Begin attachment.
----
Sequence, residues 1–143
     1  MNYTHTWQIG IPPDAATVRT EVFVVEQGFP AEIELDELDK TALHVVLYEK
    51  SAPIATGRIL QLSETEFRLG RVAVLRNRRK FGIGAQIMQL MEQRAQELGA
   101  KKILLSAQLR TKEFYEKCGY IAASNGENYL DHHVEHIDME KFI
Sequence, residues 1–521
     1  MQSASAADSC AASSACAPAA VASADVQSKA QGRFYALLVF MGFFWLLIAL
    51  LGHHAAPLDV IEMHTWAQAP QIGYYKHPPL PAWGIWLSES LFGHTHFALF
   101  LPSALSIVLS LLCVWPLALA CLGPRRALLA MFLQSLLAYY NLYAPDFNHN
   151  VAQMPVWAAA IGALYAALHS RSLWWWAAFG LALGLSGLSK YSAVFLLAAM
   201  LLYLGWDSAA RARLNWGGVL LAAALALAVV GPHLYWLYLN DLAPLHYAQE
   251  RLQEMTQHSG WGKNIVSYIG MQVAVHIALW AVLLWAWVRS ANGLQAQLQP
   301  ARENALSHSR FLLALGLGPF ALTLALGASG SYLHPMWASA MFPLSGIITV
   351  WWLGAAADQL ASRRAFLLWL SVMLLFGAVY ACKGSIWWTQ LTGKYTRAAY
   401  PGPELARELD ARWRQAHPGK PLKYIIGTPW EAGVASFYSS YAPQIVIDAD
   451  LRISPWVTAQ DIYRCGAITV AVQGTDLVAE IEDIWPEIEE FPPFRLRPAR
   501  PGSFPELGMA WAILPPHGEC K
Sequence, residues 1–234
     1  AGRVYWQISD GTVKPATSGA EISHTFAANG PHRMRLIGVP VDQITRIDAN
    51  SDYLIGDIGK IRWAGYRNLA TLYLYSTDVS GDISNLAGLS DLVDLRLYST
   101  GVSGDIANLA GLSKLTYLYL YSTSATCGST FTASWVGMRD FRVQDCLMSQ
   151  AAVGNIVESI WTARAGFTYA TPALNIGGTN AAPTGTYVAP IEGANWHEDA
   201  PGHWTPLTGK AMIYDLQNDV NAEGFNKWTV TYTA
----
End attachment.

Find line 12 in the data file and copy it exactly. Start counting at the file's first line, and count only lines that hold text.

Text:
   301  ARENALSHSR FLLALGLGPF ALTLALGASG SYLHPMWASA MFPLSGIITV